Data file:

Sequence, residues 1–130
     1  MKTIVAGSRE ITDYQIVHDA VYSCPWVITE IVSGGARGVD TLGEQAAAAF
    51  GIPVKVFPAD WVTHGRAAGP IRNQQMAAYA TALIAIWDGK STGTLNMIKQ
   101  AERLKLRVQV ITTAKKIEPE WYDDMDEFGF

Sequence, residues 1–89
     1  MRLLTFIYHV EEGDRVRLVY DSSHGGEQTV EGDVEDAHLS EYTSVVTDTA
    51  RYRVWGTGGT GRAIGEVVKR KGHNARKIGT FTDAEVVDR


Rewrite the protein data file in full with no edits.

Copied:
Sequence, residues 1–130
     1  MKTIVAGSRE ITDYQIVHDA VYSCPWVITE IVSGGARGVD TLGEQAAAAF
    51  GIPVKVFPAD WVTHGRAAGP IRNQQMAAYA TALIAIWDGK STGTLNMIKQ
   101  AERLKLRVQV ITTAKKIEPE WYDDMDEFGF

Sequence, residues 1–89
     1  MRLLTFIYHV EEGDRVRLVY DSSHGGEQTV EGDVEDAHLS EYTSVVTDTA
    51  RYRVWGTGGT GRAIGEVVKR KGHNARKIGT FTDAEVVDR